Stephens, Lloyd

According to Lloyd Stephens (“Stephens”), his store Stephens was one of the first, if not the first, business to employ an African-Americans in Mendenhall, Miss. Stephens said that he has always had a great relationship with African-Americans, and he enjoys their business. “We are all created equal, and we are all God’s children,”Stephens said. Many African-Americans had to go to Detroit and other places to get employment during the ’60s, Stephens said, and he thinks it is good to see them come back.

Stephens said that the church Mendenhall Ministries, formerly called the Voice of Calvary, is where the civil rights movement in Mendenhall began. The founder and president at that time, John Perkins (“Perkins”), started the movement. Stephens said that he had a good relationship with Perkins and his staff. Stephens said integration should have been done sooner.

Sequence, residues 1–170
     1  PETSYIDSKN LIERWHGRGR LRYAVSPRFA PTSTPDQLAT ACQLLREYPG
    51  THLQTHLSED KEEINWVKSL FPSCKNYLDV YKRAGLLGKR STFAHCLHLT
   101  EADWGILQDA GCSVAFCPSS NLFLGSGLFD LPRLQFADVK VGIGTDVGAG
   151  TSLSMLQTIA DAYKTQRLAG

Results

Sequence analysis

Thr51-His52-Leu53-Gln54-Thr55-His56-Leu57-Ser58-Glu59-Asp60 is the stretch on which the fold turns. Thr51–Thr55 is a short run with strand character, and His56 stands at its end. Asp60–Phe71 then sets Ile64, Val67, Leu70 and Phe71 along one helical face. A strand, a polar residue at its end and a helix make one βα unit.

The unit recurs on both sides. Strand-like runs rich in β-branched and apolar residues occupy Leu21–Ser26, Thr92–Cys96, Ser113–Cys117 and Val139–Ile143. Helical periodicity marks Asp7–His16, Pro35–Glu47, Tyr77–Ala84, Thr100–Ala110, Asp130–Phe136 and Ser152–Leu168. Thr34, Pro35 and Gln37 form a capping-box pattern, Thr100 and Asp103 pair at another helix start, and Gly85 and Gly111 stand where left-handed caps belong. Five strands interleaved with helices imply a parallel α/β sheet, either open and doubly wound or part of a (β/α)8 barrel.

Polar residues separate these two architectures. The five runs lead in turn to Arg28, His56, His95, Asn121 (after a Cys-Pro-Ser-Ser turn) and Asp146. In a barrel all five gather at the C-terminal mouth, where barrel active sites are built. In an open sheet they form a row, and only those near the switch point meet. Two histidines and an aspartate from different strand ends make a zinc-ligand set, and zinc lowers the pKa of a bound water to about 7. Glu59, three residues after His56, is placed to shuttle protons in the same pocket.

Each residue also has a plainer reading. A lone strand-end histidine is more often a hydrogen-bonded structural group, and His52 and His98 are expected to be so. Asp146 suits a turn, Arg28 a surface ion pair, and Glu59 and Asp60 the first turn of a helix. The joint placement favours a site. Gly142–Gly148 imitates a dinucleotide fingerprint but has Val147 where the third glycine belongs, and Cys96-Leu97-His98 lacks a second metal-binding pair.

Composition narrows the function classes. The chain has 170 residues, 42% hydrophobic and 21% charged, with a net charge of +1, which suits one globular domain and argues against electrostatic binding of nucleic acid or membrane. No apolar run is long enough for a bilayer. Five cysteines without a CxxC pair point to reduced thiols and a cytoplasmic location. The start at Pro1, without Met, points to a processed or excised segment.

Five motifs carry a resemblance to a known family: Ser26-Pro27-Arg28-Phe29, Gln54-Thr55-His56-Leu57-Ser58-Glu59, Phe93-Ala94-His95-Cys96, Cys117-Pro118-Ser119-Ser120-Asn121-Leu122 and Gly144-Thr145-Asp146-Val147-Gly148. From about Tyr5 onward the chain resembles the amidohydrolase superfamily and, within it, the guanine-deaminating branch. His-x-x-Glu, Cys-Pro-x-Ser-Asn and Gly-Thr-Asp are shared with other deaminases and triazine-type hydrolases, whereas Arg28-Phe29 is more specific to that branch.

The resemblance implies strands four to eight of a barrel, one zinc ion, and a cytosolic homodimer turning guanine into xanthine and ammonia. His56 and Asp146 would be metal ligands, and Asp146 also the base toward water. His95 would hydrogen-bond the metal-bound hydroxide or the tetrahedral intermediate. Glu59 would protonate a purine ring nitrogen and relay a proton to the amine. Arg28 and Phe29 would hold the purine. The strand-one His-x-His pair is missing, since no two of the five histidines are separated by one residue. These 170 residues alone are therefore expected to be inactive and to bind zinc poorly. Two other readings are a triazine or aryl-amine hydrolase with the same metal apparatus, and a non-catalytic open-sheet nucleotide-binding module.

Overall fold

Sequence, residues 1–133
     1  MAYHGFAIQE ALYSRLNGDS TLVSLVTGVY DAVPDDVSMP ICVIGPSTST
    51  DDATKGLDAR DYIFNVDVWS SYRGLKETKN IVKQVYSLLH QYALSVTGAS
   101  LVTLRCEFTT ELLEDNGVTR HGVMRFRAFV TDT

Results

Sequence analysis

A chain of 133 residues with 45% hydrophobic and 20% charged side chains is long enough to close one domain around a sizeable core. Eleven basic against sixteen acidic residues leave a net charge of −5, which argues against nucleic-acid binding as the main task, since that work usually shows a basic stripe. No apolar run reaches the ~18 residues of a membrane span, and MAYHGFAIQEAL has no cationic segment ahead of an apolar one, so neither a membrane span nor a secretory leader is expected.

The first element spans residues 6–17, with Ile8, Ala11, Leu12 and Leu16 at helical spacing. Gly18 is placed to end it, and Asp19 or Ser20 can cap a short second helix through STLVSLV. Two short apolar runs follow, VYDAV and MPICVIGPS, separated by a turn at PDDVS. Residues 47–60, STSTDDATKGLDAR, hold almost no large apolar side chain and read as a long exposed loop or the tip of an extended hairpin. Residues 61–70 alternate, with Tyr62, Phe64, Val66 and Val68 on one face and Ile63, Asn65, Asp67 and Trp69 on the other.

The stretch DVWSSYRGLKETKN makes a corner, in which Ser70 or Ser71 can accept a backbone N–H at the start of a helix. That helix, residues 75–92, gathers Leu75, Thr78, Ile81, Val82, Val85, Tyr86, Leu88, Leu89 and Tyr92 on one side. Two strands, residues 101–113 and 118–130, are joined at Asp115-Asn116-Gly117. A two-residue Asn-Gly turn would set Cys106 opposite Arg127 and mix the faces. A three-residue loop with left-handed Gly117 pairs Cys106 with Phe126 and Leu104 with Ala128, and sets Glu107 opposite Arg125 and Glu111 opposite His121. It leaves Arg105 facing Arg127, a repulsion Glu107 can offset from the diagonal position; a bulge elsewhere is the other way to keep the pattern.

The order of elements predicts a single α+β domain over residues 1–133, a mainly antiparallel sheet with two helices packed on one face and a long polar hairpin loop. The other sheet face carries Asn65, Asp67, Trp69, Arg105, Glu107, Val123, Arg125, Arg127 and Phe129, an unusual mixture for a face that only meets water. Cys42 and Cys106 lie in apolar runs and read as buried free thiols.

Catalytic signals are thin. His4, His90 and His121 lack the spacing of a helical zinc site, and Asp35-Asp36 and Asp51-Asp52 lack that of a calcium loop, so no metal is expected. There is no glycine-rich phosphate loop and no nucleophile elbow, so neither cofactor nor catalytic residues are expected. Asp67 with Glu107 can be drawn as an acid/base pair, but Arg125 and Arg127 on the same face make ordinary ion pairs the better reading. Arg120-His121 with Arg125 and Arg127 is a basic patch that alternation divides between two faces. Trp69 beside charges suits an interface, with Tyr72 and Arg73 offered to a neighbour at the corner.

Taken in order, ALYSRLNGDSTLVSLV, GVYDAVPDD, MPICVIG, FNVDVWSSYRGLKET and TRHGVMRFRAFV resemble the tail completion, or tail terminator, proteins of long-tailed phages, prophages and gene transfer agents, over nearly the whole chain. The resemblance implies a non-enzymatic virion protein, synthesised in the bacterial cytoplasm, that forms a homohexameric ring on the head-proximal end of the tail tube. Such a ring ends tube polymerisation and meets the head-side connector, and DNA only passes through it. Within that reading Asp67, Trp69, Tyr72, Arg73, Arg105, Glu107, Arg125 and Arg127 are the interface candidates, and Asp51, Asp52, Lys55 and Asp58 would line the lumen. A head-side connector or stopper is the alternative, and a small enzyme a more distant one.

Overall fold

Stephens said that prior to hiring an African-American to regularly work in his store, he would sometimes employ African-American maids from his home to work in his store. Reverend Stedman Hayes of Martindale, Miss., was the leader of the NAACP during that time, and he selected the regular workers that Stephens hired. People’s Bank may have been the second business in Mendenhall to hire African-Americans, Stephens said.

Stephens is very encouraged to see what has happened in Mississippi since the civil rights movement. Mississippi has always been thought of as the last state, but he said that he thinks it is improving and setting an example. Stephens said that he has not had any problems with his African-American employees. He also said that some of his best friends are African-Americans.

Stephens was optimistic regarding the County Project. He said that projects like these are the only way to keep Mississippi moving forward. “This way the world can understand how far we have come from and where we are going,”Stephens said.

Sources:

Interview with Lloyd Stephens